For Vonda Kay, there s a sense of responsibility in hosting a morning show on a Christian radio station.
Every time we open up the mic and talk, we have a chance to speak to more people at one time than Jesus did in his entire three years of ministry, she said. That s a humbling thing. We have to make sure every word counts.
Her 13 -year run on Toledo s WYSZ-FM (89.3) is nearing an end, though. Her final show is May 5, then it s off to southern Ohio to become pastor of missions and outreach for Cincinnati Real Life Church.
She has been with WYSZ since its launch in 1992 and is the last remaining on-air personality from the original staff.
I m having a hard time saying good-bye, the Toledo native said. It s a whole lot more than just leaving a job.
Vonda Kay: Her final day at YES FM will be May 5.
WYSZ is part of a regional network of Christian radio stations collectively known as YES FM that carry the same programming. The other stations are in Lima (also at 89.3 FM), Wauseon (88.5), and Fremont (88.1).
Station manager Todd Hostetler estimates that 12,000 to 15,000 people are listening to YES FM at any given time. WYSZ is not listed in the Arbitron ratings because it is a noncommercial station.
Hostetler has been co-host of the morning show for more than nine years. Originally, he was going to fill in on an interim basis.
Their chemistry is like that of close siblings, Hostetler said.
It s definitely like family, which makes it so hard that she s leaving, he said.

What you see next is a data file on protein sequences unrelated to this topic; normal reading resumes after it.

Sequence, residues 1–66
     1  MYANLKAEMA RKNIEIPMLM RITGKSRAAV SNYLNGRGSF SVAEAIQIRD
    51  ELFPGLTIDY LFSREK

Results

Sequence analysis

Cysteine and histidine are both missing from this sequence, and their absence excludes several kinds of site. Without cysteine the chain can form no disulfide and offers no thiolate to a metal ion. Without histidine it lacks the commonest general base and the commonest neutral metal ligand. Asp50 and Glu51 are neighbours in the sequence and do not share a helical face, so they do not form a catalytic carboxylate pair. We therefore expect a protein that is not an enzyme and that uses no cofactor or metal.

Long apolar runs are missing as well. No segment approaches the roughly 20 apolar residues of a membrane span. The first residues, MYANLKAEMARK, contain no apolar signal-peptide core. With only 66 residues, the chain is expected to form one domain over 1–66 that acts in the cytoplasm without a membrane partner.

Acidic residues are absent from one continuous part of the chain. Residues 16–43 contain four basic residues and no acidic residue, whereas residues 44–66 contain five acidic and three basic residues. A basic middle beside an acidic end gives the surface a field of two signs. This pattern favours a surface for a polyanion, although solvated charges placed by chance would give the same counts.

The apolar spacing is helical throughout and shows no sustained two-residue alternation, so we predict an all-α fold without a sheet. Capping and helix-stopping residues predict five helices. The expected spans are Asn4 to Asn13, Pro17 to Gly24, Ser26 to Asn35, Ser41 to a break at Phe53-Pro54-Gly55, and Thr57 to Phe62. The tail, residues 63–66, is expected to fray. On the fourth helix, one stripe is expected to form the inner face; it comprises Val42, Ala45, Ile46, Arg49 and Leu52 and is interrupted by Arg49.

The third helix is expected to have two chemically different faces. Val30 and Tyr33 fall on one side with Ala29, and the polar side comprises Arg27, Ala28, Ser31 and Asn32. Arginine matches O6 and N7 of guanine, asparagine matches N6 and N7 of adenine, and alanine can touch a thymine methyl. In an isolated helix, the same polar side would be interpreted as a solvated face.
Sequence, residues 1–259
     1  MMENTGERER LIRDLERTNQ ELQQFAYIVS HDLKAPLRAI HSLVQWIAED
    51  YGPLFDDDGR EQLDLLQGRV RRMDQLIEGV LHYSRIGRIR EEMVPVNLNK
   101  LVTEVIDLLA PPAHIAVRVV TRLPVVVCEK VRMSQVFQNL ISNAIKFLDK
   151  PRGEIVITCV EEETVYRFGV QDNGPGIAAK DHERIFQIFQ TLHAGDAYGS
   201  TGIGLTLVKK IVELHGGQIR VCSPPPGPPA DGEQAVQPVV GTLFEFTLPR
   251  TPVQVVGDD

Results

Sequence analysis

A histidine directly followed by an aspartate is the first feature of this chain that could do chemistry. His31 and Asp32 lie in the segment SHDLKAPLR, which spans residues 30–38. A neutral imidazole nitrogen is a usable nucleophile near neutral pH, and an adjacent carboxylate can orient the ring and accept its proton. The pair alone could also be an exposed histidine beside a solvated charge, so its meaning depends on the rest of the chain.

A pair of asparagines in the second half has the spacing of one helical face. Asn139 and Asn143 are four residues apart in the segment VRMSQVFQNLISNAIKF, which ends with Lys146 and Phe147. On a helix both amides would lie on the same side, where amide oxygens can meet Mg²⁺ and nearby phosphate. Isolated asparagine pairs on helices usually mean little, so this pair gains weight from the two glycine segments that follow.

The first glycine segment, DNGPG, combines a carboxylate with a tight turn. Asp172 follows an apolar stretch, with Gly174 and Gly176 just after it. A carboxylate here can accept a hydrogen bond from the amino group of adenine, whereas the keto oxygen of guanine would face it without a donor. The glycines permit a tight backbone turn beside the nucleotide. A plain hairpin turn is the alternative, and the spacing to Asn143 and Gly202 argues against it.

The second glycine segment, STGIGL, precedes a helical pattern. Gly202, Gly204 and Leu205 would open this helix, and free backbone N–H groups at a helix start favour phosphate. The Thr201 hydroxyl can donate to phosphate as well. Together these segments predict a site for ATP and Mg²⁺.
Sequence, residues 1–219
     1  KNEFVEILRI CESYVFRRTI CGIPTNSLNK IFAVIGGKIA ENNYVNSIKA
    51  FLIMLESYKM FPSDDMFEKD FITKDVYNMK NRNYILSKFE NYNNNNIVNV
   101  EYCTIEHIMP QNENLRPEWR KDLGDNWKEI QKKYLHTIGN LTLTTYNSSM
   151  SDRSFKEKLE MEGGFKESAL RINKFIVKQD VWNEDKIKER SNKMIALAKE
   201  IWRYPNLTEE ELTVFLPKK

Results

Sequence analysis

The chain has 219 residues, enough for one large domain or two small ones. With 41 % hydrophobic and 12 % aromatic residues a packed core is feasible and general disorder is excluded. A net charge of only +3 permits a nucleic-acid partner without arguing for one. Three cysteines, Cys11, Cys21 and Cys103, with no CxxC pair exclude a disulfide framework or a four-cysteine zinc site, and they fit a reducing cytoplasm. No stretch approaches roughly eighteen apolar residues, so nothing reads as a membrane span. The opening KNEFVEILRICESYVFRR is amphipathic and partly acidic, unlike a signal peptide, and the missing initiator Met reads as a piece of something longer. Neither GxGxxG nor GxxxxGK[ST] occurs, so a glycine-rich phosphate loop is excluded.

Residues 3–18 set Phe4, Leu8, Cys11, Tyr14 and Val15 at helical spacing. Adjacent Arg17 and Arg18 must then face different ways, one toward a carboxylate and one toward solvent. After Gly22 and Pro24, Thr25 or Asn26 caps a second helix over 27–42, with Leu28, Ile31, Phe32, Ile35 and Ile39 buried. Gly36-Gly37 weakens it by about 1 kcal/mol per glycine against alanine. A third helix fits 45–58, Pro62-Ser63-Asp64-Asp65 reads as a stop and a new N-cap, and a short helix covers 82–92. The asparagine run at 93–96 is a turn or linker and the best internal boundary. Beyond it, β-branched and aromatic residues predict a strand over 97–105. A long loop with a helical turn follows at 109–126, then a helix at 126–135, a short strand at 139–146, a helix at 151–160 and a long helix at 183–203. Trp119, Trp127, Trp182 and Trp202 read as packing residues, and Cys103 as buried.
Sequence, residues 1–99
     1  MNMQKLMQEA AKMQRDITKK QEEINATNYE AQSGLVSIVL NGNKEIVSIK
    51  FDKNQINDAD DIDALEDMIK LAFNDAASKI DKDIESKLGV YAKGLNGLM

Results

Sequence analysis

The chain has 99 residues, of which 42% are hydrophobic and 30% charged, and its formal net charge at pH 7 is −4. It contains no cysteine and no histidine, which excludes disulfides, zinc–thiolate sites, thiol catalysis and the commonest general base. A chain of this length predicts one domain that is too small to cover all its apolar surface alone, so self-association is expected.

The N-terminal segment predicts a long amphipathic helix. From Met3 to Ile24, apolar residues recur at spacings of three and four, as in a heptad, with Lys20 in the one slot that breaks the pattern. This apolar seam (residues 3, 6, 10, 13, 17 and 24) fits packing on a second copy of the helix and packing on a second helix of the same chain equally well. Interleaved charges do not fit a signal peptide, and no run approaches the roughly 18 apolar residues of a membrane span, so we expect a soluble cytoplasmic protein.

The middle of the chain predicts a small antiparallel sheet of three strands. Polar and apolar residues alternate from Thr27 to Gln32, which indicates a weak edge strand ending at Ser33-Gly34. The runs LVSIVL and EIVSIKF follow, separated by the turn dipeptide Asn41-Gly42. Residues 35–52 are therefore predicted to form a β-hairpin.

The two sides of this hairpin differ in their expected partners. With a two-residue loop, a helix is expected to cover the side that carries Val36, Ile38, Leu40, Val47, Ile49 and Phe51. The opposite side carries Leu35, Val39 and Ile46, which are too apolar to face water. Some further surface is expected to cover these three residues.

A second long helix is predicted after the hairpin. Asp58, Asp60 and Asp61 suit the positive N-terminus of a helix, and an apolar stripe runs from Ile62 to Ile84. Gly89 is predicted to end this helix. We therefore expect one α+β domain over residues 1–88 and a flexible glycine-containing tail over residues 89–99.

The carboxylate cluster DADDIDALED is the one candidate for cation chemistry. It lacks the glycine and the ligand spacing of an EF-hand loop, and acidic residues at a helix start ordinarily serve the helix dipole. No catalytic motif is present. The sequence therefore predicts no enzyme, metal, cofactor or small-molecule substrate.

YES FM s morning show The Groove House Extravaganzy airs from 6 to 9. The balance is roughly 60 percent music (contemporary Christian), 40 percent talk.
Vonda Kay says she and Hostetler are able to overcome what she calls a stigma with Christian radio by being real.
We just have fun, she said. If we think something is stupid and silly, we ll call it that.
Among her favorite topics: American Idol and coffee.
It s been a fun ride, she said.
When I started at YES FM, I took a broadcasting job, she said, but it grew into a ministry.
ROBINSON FOCUS: In a move designed to separate itself from the competition, WNWO-TV, Channel 24, will devote 30 minutes a day 5:30 to 6 p.m. weekdays to the murder trial of the Rev. Gerald Robinson.
News director Jonathan Mitchell said the segment, anchored by Tom Bosco and Jim Blue, will have a magazine-style format. He likened it to programs hosted by Bill O Reilly and Greta Van Susteren on Fox News Channel.
ADDED NEWSCAST: WNWO, which experimented with a 7 p.m. Saturday newscast during the Winter Olympics in February, has decided to go with one year-round. The NBC affiliate will keep its 6 p.m. newscast on Saturdays.
SOLO ANCHOR: WUPW-TV, Channel 36, news director Steve France has decided to go with Tiffany Tarpley as the only news anchor for the station s weekend newscasts. Myrt Price, who had been co-anchor for the past five months, will work weekdays as a reporter.
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